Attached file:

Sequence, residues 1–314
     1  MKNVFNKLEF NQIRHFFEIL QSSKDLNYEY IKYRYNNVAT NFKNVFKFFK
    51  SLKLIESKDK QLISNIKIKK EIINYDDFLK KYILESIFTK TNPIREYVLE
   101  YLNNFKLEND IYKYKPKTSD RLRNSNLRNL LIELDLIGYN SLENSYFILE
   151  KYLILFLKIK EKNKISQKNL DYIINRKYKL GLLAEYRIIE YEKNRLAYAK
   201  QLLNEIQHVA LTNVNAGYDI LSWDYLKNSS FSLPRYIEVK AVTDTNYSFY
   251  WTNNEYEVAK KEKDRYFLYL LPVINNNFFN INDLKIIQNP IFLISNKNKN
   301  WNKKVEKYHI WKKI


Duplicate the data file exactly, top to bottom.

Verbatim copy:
Sequence, residues 1–314
     1  MKNVFNKLEF NQIRHFFEIL QSSKDLNYEY IKYRYNNVAT NFKNVFKFFK
    51  SLKLIESKDK QLISNIKIKK EIINYDDFLK KYILESIFTK TNPIREYVLE
   101  YLNNFKLEND IYKYKPKTSD RLRNSNLRNL LIELDLIGYN SLENSYFILE
   151  KYLILFLKIK EKNKISQKNL DYIINRKYKL GLLAEYRIIE YEKNRLAYAK
   201  QLLNEIQHVA LTNVNAGYDI LSWDYLKNSS FSLPRYIEVK AVTDTNYSFY
   251  WTNNEYEVAK KEKDRYFLYL LPVINNNFFN INDLKIIQNP IFLISNKNKN
   301  WNKKVEKYHI WKKI